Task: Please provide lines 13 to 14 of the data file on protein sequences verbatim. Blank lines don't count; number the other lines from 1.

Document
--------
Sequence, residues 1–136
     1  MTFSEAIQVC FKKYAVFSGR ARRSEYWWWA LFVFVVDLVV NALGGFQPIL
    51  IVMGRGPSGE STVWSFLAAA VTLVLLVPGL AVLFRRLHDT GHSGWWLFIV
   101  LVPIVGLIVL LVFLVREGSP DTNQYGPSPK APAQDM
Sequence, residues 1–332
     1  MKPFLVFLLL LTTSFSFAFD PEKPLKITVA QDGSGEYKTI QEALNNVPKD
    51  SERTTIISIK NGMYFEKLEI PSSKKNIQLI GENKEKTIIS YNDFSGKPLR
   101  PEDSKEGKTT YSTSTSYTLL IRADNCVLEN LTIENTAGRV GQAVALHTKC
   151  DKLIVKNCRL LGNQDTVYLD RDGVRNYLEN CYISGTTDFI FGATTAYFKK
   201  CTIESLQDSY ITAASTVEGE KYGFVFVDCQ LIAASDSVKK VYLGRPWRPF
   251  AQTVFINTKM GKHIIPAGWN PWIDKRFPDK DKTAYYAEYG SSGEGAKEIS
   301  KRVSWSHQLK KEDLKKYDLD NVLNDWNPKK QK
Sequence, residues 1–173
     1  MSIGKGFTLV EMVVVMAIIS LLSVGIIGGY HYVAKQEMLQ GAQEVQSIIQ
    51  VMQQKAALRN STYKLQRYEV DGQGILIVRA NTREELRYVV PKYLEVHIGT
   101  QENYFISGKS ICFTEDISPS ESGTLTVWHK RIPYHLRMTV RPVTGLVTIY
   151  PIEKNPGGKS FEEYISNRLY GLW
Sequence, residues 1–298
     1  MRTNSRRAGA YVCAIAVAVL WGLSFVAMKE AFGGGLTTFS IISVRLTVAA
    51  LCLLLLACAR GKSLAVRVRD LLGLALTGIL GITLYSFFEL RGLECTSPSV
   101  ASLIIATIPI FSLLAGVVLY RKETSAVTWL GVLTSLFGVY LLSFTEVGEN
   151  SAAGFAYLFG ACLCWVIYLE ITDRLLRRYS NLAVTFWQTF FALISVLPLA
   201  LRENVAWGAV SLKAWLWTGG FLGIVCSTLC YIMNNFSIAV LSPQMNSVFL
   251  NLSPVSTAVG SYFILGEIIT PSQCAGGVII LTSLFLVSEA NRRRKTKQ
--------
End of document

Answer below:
Sequence, residues 1–173
     1  MSIGKGFTLV EMVVVMAIIS LLSVGIIGGY HYVAKQEMLQ GAQEVQSIIQ